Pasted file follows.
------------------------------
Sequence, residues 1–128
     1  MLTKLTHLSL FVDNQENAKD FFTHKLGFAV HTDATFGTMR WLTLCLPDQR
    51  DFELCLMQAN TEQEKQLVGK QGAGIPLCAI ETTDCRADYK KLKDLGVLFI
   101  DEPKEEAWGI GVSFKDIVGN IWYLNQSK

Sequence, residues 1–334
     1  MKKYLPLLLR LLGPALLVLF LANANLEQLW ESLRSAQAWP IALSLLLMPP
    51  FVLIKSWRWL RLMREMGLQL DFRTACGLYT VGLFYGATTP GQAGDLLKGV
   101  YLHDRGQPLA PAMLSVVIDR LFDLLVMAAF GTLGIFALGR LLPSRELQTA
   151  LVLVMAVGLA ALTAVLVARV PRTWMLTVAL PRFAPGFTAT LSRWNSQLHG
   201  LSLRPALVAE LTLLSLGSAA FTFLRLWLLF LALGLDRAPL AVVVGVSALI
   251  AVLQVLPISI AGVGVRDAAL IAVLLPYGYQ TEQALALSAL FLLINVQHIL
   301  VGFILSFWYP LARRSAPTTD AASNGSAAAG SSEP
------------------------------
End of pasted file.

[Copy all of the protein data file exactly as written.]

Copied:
Sequence, residues 1–128
     1  MLTKLTHLSL FVDNQENAKD FFTHKLGFAV HTDATFGTMR WLTLCLPDQR
    51  DFELCLMQAN TEQEKQLVGK QGAGIPLCAI ETTDCRADYK KLKDLGVLFI
   101  DEPKEEAWGI GVSFKDIVGN IWYLNQSK

Sequence, residues 1–334
     1  MKKYLPLLLR LLGPALLVLF LANANLEQLW ESLRSAQAWP IALSLLLMPP
    51  FVLIKSWRWL RLMREMGLQL DFRTACGLYT VGLFYGATTP GQAGDLLKGV
   101  YLHDRGQPLA PAMLSVVIDR LFDLLVMAAF GTLGIFALGR LLPSRELQTA
   151  LVLVMAVGLA ALTAVLVARV PRTWMLTVAL PRFAPGFTAT LSRWNSQLHG
   201  LSLRPALVAE LTLLSLGSAA FTFLRLWLLF LALGLDRAPL AVVVGVSALI
   251  AVLQVLPISI AGVGVRDAAL IAVLLPYGYQ TEQALALSAL FLLINVQHIL
   301  VGFILSFWYP LARRSAPTTD AASNGSAAAG SSEP